He was born with the odds against him and the miracle of his birth was accompanied by the miracle of his life. Arms too short and body so weak, they said he would never make it through high school, but he did. And like a weakling at the beach, he kicked sand into the face of his own mortality.
Must not run hard, they would say, and he’d grab tennis racquet, holding it close to his chest because he could hold it no other way and he ran and he hit and he lived. Every time the odds would try to hold him back, he’d look right through them and just continue on.
He’d sneak out at night to join his friends, getting into the mild trouble all teens get into, drinking a bit too much, partying a little too hard. His parents were aghast and scolded him and said to stay away from his Bad Friends. But they weren’t bad — they just saw within him the spirit, the normalness of him.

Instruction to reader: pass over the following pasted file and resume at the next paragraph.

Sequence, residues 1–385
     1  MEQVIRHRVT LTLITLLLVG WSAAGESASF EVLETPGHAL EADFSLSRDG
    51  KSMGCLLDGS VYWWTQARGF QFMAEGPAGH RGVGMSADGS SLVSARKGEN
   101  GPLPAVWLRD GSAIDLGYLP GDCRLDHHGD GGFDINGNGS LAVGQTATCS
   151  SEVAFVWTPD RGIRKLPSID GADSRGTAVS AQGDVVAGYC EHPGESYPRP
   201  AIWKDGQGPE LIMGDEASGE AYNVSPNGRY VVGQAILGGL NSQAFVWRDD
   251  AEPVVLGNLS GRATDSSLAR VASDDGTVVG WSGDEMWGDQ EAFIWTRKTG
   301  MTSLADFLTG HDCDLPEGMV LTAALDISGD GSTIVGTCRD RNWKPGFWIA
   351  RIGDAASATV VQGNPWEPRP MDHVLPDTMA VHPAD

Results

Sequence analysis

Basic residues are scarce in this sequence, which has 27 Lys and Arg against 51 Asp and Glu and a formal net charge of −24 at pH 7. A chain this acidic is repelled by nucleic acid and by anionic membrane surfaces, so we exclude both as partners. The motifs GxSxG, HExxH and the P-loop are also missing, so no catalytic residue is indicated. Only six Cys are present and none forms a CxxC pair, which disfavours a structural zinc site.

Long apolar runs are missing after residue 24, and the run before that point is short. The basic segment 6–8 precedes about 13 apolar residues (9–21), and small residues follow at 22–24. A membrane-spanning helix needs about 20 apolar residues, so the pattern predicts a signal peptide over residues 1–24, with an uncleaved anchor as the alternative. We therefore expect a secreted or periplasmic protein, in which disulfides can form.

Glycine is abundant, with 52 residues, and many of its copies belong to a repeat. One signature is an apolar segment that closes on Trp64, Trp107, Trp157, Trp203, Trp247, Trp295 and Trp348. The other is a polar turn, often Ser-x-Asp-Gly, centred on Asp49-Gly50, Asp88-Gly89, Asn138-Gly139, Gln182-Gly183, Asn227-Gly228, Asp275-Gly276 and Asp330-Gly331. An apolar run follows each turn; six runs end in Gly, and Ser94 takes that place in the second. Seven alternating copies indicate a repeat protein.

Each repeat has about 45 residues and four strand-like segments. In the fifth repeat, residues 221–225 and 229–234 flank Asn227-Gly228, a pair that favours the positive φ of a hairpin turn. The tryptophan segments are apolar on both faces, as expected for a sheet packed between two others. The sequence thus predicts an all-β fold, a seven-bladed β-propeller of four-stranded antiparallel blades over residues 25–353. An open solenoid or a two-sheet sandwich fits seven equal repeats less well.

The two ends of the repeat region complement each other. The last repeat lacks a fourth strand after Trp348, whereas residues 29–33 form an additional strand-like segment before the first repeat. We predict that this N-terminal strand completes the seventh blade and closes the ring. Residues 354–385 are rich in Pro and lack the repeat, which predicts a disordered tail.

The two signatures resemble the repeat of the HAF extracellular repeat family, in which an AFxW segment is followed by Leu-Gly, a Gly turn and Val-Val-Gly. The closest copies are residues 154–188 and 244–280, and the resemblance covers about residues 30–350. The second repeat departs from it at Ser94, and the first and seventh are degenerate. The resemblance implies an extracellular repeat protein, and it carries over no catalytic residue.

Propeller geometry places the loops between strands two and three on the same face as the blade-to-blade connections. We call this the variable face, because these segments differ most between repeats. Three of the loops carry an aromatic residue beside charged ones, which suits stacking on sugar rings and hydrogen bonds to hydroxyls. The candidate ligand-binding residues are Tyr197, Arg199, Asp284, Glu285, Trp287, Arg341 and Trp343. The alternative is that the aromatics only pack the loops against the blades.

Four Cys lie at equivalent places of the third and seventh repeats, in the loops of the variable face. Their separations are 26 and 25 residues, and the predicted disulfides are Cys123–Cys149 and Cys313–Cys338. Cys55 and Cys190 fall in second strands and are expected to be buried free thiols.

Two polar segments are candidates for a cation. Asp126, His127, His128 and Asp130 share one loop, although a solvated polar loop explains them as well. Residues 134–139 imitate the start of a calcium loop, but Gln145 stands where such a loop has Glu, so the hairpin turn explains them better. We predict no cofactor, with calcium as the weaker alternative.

He grew from a frail kid into an adult, spending too many days looking at white walls. Getting too many cards along the way. Against the odds, in spite of the odds, he thrived. “How are you feeling?”, you’d ask and he’d say, “Heck with that, let’s go ride a horse.”
I remember once when he helped us move, watching him haul boxes into a moving truck, shoving them in so hard I thought something would break and I’d say “Take it easy”, and he just laughed.
The spirit, even the strong spirit can’t work around a leaky heart and he had surgery yet again. And once more, he beat the odds, turning around at the door when he walked out, saluting the hospital good-bye.
But then, a few weeks later, he went for a walk and when he returned he said he felt tired. Wanted a nap. When he didn’t show for dinner, they went to check and found he had died in his sleep.
He was 48, and the odds had finally caught up.